Toheeb Jimoh always knew what he wanted in life – even if he was too scared to vocalise it. “I wanted to tell stories, to be on TV, to have a platform,” he explains. “So I worked my arse off… and because of that I’ve had wonderful opportunities. I’ve done all of those things that 16-year-old me dreamed about.”
He has every reason to feel proud of sticking to his goals, given that the now 23-year-old south Londoner’s relatively short career has included an acclaimed role in A Midsummer Night’s Dream at the Sheffield Crucible and a part in Wes Anderson’s upcoming film The French Dispatch. Then there’s the star turns in the Amazon Prime show The Power and Apple TV show Ted Lasso, which are both yet to hit screens. But right now, it’s his remarkable performance in new BBC drama Anthony that is likely to command considerable attention.
The 90-minute show was written by Jimmy McGovern is centred around Anthony Walker, the Merseyside student killed in a racist attack in 2005. The incident received much press coverage at the time, which focused on the horrific details of the attack and subsequent conviction of the two killers. While Anthony does not shy away from the senseless brutality of his death, its primary purpose is to explore his life. The story of the man he was when he died aged 18 – and the man he would have become – is undeniably gripping.
Jimoh describes the casting process for Anthony as very back and forth, and that when he finally learned he’d bagged the role, “it was five minutes of pure elation and then I was straight into business mode because I knew how soon filming was due to begin. There was a lot of responsibility there and the show is obviously so sensitive,” he says. “My job was to give Anthony the best life possible … it’s a very tragic story, but my role was to show the lighter side of his life – the promise he showed and the joyous moments he would have had, like his wedding or having a child.”
Jimoh’s portrayal of Walker is utterly magnetic, not least because he perfectly captures the charismatic exuberance that was so central to the teenager’s persona. Still, the confidence of his performance belies the initial anxiety Jimoh felt about living up to expectations. “I had so many nerves and felt so much pressure going into this role … but I met Anthony’s mother Gee and she set my mind at ease. She chilled with me, told me jokes and just gave me her blessing. She was lovely. A glorious human being,” he says.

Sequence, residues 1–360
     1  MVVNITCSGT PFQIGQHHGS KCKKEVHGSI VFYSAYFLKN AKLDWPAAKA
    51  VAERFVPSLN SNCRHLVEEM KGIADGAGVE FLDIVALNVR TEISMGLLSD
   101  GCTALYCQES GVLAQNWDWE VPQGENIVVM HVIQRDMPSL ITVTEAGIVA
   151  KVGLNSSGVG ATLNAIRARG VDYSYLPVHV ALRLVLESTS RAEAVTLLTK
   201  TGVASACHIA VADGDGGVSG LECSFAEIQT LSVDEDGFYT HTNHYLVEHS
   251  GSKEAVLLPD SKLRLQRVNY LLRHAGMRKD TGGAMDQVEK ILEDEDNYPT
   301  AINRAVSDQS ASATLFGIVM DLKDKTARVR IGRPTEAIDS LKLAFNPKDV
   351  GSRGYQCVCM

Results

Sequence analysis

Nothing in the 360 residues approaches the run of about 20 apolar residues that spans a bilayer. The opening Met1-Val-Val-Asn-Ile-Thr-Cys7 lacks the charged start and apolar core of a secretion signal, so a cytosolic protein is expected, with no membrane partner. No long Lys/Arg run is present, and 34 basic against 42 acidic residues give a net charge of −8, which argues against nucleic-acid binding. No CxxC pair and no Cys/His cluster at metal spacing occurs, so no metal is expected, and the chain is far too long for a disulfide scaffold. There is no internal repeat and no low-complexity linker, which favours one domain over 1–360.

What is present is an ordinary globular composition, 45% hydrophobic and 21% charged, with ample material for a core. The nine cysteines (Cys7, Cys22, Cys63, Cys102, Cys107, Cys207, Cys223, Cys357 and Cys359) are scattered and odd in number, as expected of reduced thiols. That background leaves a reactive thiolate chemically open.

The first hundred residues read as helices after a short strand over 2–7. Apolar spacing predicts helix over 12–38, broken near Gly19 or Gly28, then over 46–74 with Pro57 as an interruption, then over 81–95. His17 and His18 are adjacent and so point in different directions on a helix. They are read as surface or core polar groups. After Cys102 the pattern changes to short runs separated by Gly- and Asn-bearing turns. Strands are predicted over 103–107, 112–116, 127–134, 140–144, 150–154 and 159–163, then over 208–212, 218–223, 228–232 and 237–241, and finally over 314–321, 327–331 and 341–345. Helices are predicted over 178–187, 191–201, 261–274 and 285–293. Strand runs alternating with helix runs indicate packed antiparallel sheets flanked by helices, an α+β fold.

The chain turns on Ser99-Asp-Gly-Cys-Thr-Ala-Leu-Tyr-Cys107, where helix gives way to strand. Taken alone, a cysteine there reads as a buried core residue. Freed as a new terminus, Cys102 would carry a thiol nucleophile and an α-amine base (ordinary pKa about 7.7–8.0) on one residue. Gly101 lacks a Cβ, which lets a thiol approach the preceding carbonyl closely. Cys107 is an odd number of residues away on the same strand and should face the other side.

The show’s release comes at a time when racism is under the spotlight in a way that Jimoh has never witnessed before. He says it must be fate: “A film like this is coming out when we’re in the middle of one of the biggest civil rights movements in my lifetime. And it’s especially [fateful] because Anthony wanted to work in civil rights – it was his dream… so I’m super proud that this gets to be part of the conversation.”
How people engage in such conversations – whether it’s through quiet reflection or joining the protest movement, is likely to affect their response to the show. Jimoh says: “Some people are going to want to take action, others are going to feel the emotional weight and have more conversations…. My parents had opposite reactions – my mum just sobbed all the way through but my dad just really wanted to talk about it all. [After watching Anthony] everyone’s going to want to make sure [a murder like that] never happens again. I hope it stirs something in people. Whatever that thing may be. As long as it’s positive and aimed at making change, then that’s a really good thing.” As for his own feelings about being more frequently asked to discuss race and racism over the past few months, he adds: “It can be a little overwhelming, but it’s great people are talking about it, and that people are learning about our experiences.”
Due to all of his upcoming roles, audiences are going to be seeing a lot more of Jimoh – and he’s very excited about it. Still, he remains impressively down to earth and keen to impart some blunt words of wisdom for other young actors looking to emulate his success.“ You can do whatever the hell you want. It doesn’t matter where you come from or what you look like, or how much money you have, none of that stuff matters. Just work super hard, and you will be fine. You probably have a little voice in your head that tells you that you can’t really do it or that it’s not going to work out. You have to find a way to silence that voice and tell it to leave you alone. Just don’t listen to it.”
Anthony begins tonight, 8:30pm, BBC One.